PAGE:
Adobe mimics Microsoft’s monster patch Tuesday
Adobe has released a bumper round of patches in its second monthly patch Tuesday, revealing the scale of the assault on its software.
The company patched 29 vulnerabilities in its software, with 13 of them tagged with the phrase “could potentially lead to arbitrary code execution” – a long-winded way of saying they could allow hackers to take control of your system.
“These vulnerabilities could cause the application to crash and could potentially allow an attacker to take control of the affected system,” says Adobe in the advisory accompanying the updates for Reader and Acrobat. “Updates apply to all platforms: Windows, Macintosh and Unix.”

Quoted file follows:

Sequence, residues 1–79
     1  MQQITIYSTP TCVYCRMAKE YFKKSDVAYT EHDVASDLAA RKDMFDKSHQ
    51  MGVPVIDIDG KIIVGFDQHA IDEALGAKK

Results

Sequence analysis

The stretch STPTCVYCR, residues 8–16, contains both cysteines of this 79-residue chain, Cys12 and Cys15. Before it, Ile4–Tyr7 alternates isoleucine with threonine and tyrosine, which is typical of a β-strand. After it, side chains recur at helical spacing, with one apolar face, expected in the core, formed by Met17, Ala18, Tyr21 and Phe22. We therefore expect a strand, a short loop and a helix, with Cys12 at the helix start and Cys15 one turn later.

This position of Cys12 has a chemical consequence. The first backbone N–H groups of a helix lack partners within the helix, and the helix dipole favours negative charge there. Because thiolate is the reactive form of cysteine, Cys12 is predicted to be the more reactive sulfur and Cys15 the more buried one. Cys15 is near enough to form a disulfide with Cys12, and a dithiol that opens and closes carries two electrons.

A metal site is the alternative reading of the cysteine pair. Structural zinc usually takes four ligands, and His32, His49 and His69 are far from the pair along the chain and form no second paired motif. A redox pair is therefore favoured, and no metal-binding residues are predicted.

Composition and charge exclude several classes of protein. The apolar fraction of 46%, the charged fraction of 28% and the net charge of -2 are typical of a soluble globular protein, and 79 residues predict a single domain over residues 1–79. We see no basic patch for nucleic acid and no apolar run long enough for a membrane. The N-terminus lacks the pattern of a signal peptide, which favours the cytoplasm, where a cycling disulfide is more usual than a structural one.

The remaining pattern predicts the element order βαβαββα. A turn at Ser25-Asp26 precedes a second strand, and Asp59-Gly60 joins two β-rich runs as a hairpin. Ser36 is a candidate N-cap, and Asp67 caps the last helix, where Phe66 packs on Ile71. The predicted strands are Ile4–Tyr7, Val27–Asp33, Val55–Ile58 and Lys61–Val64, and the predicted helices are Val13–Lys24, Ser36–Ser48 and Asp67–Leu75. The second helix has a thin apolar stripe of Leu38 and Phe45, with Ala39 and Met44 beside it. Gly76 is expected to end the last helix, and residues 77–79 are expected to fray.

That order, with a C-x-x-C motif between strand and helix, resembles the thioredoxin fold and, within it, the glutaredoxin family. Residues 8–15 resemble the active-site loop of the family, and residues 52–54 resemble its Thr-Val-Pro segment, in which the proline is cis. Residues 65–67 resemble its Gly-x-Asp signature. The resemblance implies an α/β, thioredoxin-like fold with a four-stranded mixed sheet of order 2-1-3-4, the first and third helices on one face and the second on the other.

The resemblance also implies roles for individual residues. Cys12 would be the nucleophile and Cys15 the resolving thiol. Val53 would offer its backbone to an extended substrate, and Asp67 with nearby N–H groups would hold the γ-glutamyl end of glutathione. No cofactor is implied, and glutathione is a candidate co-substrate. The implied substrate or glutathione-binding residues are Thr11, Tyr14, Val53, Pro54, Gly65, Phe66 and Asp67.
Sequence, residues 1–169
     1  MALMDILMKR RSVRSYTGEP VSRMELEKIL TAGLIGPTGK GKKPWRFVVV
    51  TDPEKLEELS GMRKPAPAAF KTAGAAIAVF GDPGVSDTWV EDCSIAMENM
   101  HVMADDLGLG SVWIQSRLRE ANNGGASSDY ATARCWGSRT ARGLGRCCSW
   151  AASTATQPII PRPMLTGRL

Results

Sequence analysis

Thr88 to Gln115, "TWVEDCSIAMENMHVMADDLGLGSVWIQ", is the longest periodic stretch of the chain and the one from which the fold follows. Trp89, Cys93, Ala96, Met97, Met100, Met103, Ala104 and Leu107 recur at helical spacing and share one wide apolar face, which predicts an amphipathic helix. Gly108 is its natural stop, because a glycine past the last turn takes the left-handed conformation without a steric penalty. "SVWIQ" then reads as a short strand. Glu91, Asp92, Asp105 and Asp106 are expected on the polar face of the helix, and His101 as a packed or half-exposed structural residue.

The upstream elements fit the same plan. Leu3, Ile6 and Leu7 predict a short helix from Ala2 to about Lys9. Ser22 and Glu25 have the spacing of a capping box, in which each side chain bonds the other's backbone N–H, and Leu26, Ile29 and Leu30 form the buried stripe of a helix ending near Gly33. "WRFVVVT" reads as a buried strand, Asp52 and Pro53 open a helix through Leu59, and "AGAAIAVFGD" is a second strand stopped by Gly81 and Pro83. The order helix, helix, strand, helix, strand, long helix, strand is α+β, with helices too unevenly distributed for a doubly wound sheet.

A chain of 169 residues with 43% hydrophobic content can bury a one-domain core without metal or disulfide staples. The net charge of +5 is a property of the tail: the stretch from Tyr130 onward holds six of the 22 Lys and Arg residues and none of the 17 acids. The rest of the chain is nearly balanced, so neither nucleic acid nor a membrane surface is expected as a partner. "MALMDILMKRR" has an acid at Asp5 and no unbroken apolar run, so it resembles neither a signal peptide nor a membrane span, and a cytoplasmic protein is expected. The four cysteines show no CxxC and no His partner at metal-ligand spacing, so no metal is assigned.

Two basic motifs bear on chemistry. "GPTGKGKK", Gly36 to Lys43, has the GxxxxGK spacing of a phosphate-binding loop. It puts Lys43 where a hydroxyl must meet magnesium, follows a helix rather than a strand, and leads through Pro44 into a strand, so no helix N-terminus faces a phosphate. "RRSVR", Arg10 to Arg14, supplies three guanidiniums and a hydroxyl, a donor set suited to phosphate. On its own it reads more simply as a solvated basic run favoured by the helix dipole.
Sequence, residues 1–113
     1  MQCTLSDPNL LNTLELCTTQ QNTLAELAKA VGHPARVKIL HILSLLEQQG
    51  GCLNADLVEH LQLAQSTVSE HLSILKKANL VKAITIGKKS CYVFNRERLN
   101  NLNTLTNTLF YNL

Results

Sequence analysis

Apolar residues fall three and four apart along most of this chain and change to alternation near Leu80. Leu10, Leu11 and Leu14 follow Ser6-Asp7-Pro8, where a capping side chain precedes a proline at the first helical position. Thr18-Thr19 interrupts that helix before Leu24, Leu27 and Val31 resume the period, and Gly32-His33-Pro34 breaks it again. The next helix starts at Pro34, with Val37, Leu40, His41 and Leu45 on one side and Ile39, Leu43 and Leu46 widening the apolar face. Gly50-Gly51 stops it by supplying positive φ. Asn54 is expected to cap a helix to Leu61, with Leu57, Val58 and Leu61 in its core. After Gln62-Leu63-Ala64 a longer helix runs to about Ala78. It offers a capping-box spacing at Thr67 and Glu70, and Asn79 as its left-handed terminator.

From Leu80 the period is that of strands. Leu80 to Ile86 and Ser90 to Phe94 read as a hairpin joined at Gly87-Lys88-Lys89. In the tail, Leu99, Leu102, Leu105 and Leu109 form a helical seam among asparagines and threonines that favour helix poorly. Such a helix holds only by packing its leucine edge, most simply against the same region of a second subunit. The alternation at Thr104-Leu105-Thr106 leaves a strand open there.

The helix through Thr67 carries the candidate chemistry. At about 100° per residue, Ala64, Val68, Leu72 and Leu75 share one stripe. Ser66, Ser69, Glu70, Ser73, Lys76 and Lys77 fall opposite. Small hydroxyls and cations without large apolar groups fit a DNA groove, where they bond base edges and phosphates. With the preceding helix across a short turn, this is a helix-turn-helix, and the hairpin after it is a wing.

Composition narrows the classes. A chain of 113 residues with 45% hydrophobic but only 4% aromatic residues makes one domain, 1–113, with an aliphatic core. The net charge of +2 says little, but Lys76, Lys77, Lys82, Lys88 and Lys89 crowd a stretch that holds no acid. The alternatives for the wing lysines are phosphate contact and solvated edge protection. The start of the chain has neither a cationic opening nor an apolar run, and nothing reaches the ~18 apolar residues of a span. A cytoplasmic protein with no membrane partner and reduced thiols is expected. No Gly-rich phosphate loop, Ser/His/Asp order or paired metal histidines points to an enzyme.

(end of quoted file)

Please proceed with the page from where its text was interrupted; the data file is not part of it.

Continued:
The remaining flaws could be used to crash computers, but would not compromise the machine’s security, according to the company.
Despite adopting Microsoft’s well-known Patch Tuesday monthly update cycle, Adobe does not apply the software giant’s rating system to indicate the importance of individual patches.
Also included in the bulletins are fixes for the plug-ins used by Firefox, Chrome and Opera, which open the door to phishing attacks.
The patches follow a monster update by Microsoft which released 13 security bulletins covering a total of 34 flaws this week.